On another note, CIM developed the next door Hollywood and Highland project and have long been eager to acquire another piece of the block to complete the “square” per se. As an olde preservation-minded friend once said, preservationists preserve and developers develope. Seldom do their interests run down the same road. Put another way, with a different twist, developers make their money by building and selling. They have no interest in being operators or investors. They create and sell and move on to the next project. For a prime example of what I mean, check into the recent history of that preservation-minded community a few miles from the Chinese, Pasadena and their currently gutted Raymond Theatre. After years of fighting an incredibly long, ardous and valient effort – the condos are rising.
And lastly, the Chinese is now a six-screen complex, rather than the main house and two side-by-side storefront theatres that it became in the sixties.
Mark Campbell’s comment that “Mann’s are dying a slow death” is so true. They’ve had their fun and now it’s time for them to get out of Show Business and let some who loves it take over NOW.
I must add that giving tours of the Chineese Theatre auditorium WHILE a movie is running? I could hear the nattering guide better than the sound track, even after complaining twice.
This is no different a story than what transpired in San Francisco with the Blumenfeld Brothers. They also operated countless theaters and gave them up one by one, even the infamous Castro Theatre.
I tend to like L.A’s local, smaller and more personalized Krikorian theaters operation. As for AMC, Regal/UA, etc., I need to vomit!
I do hear Mann is building an Arclight-like place in Thousand Oaks.
Simon, you must be joking when you state they have tours during movie shows. That’s so inconsiderate and annoying. I know in some theaters even the popcorn machine popping can be annoying to those places that still pop their own corn.
I haven’t been to LA since ‘01 and am sure the place is a lot different now because they were still building the surrounding shopping center and six new theaters.
I did happen to watch a forgettable Angelina Jolie movie that I put me to sleep ;) They had closed the upper part of the theater for remodeling at the time.
I’ve never seen a tour go thru the auditorium during a show. That must be a day time thing.
Did the Chinese Theater ever close during the refurb? It must have since all the seats were replaced.
Love reading this message board. I think Grauman’s Chinese is one of our national treasures and I am totally fascintated by it’s history.I attended a private upscale estate auction some years ago where I purchased a fascinating art deco chinese motif cast iron, bronze and brass standing floor ashtray that I was told was once in the lobby of Grauman’s Chinese in the 40’s to 50’s. I could not get much information on the gentleman that owned the piece at the time but I do know that it was accompanied by a b/w vintage photo of Cary Grant putting out a cigarette in the very same astray. Even tho I thought this was a fabulous extra I bought the piece as it is a fabulous very early art deco work of art. As I collect antiques I had only seen one other one like it before but it was plain cast and brass and not decortrated and painted in the fabulous chinese motif that this one is so I am inclined and want to believe it is the actual piece from the theatre. I have tried to find picture from the lobby from that era and cannot locate any photos that would help me.. I made a phone call years ago and spoke to someone at the theatre and when I described the ashtray to them they told me that there was indeed a pair of these in the lobby at one time. It appeared to be custom painted and decorated in the chinese motif and unlike the other one I had seen. I was wondering if anyone here might have any information on how to get more information on something like this or anyone who might have any places to reference. The piece stands about 31" tall and has a large green cast iron dragon towering over a red iron ashbox with a flip lid that held the lit cigarettes. the standing stem is solid brass and is gold ribbed with a black cast iron base. Although I have the Cary photo (awesome!)I would love to have more history.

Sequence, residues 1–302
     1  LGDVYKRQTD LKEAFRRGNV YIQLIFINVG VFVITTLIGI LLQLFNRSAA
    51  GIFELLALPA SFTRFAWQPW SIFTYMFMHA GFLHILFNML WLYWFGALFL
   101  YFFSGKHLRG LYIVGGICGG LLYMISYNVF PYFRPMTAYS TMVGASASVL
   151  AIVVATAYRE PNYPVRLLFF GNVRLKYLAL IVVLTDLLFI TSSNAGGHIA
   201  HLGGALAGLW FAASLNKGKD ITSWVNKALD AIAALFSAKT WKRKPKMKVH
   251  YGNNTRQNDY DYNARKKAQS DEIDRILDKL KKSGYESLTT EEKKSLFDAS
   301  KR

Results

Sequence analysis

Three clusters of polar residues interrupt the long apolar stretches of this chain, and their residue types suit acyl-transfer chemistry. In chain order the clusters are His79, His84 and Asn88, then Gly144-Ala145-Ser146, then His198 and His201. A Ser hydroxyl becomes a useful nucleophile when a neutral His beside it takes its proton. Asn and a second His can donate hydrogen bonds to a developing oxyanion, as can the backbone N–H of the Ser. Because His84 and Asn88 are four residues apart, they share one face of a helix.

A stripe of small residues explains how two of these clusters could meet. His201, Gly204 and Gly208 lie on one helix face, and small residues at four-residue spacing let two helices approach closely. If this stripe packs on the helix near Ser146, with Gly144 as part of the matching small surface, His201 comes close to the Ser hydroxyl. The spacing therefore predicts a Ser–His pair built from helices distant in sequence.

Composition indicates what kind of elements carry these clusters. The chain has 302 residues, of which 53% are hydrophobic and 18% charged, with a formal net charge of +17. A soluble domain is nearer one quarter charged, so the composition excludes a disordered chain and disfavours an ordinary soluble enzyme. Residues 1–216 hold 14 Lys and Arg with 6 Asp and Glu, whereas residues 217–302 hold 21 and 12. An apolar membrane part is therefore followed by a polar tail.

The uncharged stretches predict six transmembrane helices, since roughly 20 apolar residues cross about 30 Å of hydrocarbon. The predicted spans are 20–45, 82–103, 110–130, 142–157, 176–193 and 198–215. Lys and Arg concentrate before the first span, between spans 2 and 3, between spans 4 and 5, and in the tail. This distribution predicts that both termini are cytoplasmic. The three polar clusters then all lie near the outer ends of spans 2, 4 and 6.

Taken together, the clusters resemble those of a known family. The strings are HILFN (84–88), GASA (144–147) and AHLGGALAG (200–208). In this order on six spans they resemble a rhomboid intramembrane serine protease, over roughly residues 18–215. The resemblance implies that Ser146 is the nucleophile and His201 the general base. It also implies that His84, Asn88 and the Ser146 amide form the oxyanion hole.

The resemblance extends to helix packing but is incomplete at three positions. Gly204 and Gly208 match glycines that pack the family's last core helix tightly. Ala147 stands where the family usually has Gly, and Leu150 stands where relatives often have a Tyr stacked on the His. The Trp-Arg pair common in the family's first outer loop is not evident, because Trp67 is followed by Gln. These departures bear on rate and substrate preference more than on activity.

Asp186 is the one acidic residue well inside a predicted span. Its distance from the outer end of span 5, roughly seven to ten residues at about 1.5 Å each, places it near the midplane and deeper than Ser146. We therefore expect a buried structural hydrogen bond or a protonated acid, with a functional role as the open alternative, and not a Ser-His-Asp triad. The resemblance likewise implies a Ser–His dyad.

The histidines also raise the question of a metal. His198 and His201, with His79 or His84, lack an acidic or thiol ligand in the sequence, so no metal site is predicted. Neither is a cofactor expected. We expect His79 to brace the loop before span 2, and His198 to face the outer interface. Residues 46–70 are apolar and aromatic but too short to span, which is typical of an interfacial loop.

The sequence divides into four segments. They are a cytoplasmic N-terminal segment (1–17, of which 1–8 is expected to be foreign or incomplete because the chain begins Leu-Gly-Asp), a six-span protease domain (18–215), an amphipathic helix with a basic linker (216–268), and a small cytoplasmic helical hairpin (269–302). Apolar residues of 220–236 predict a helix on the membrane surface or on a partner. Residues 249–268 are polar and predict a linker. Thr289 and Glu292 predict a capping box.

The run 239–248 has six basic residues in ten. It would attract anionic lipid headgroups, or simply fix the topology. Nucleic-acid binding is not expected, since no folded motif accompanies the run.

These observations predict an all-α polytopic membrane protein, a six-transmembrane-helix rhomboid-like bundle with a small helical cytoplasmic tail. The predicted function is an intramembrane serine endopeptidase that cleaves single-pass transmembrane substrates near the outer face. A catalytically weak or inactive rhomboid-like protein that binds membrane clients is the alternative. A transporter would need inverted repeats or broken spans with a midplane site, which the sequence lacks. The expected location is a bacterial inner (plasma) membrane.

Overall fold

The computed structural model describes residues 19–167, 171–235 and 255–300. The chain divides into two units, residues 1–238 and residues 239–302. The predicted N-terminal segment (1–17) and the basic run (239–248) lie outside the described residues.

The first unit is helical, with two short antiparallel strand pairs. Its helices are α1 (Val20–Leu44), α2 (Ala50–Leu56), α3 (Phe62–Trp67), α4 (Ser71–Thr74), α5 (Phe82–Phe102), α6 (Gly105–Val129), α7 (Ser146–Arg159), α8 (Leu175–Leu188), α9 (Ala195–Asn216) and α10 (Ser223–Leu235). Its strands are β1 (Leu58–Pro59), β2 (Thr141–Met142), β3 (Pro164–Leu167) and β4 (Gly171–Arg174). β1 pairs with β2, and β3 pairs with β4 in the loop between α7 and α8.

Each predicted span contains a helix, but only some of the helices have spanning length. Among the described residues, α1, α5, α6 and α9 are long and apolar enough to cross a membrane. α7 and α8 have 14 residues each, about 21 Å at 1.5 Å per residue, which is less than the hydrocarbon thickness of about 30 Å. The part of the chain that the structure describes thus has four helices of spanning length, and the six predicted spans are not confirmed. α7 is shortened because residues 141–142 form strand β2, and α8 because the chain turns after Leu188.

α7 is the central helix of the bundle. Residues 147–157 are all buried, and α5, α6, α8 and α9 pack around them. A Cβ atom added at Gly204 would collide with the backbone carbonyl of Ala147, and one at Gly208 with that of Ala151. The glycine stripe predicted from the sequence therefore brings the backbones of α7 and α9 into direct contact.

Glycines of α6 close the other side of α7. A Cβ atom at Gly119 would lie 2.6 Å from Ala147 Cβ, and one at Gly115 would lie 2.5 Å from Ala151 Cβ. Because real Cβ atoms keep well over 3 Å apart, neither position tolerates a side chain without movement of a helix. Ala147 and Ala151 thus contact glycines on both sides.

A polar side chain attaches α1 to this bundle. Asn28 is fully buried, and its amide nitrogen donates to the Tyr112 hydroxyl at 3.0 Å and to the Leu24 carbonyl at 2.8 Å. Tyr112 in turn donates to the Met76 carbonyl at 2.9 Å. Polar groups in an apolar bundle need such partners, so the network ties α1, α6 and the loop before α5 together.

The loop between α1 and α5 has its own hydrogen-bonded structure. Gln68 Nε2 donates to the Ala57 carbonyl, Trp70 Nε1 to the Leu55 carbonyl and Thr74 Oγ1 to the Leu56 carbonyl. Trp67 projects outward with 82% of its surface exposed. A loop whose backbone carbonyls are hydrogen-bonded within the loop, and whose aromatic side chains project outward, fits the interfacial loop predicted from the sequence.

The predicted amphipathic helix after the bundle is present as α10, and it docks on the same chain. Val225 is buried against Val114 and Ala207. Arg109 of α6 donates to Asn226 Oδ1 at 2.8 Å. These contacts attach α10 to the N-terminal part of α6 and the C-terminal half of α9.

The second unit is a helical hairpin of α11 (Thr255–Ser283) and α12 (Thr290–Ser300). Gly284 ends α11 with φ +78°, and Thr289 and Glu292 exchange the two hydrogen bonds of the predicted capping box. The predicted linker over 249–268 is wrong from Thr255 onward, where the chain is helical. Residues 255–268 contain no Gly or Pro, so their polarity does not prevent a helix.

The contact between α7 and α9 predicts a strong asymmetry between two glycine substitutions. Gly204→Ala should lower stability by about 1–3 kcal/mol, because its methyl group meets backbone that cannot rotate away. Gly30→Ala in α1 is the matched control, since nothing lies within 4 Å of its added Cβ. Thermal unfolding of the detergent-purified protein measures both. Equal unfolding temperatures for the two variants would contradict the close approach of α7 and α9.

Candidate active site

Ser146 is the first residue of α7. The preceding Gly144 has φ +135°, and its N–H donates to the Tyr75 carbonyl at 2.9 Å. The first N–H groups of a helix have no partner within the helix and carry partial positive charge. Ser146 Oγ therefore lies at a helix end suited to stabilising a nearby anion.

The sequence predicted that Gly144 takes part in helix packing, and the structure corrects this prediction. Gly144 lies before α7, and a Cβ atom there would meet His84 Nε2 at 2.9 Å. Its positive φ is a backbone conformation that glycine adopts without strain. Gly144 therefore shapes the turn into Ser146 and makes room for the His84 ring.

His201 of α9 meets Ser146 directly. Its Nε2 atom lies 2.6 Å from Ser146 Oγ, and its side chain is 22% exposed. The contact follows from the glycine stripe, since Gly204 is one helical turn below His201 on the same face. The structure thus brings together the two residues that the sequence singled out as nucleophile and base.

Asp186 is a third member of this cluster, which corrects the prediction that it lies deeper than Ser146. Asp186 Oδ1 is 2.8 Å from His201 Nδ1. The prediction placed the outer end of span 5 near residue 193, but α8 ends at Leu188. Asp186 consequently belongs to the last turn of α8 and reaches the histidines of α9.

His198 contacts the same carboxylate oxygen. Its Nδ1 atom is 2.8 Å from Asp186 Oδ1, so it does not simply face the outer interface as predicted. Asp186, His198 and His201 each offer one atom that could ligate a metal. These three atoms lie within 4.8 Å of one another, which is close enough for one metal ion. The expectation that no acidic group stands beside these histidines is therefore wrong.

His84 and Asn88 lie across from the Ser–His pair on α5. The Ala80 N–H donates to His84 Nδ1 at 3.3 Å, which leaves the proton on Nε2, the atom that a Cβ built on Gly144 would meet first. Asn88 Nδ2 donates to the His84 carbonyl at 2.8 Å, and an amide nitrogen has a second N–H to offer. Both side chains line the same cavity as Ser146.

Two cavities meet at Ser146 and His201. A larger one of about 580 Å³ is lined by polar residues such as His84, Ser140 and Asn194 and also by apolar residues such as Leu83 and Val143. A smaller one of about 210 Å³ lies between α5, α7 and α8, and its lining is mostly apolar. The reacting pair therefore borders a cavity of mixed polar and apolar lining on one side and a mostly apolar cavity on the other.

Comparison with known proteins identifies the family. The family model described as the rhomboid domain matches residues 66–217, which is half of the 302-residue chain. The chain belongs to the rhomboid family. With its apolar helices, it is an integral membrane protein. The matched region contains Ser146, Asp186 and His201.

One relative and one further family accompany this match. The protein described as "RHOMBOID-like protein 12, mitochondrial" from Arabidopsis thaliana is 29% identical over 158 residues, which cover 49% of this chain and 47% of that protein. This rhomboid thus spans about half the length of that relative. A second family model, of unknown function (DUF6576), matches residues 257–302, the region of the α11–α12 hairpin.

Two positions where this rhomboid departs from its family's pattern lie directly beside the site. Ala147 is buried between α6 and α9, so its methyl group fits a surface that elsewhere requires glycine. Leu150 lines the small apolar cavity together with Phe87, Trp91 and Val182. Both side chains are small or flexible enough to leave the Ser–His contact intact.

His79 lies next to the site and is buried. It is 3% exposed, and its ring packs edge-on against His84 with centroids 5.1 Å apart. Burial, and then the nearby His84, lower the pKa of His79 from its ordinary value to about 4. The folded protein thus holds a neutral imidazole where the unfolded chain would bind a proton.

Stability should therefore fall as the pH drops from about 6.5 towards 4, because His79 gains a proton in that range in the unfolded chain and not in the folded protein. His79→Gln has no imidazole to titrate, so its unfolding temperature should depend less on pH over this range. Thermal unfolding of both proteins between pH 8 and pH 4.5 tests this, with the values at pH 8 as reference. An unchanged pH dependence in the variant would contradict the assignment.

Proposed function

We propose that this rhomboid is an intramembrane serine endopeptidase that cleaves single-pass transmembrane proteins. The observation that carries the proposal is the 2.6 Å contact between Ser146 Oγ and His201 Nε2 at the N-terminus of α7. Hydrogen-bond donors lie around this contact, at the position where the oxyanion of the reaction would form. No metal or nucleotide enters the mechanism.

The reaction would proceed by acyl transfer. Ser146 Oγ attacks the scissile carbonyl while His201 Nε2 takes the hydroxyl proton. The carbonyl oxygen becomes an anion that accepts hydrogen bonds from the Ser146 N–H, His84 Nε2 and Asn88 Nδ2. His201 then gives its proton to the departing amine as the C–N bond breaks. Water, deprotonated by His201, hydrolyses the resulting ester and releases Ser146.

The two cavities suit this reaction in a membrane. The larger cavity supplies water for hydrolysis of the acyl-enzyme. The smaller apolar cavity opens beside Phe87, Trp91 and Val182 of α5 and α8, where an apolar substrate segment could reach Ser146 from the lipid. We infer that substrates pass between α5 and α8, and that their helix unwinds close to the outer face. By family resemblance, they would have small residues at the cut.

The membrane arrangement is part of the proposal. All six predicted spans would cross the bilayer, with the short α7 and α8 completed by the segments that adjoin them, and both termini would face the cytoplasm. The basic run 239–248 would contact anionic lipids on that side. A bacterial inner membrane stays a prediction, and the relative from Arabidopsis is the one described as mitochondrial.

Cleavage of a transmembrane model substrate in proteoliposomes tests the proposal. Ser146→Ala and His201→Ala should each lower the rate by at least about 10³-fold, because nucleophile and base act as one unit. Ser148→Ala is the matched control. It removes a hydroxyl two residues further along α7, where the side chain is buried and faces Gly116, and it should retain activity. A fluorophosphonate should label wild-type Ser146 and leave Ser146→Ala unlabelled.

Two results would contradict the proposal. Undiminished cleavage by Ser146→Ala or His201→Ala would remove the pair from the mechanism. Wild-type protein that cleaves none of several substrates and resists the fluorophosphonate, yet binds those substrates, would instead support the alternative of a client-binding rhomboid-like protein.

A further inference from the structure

I heard that Krikorian Premiere Theatres was negociating a deal to buy 9 Mann Theatres.
isn’t that all thats pretty much left? Any ideas which ones?
I know that Grauman’s was one of the Theatres that they were negotiating for and they wanted the property also, which included the footprints, which obviously CMI bought. I am not sure but out of the 16 in California, they were going to buy all, with Mann’s still operating 8, while they are in the process of closing down the one’s that Mann’s will still operate.
where did you find this news? is it online?
It is not online, it came out of the corporate office of Krikorian Theatres, they have been negotiating for wuite a few months, since the beginning of the year.
in essence are they buying out Mann’s profitable theatre and is Mann shuttering the rest?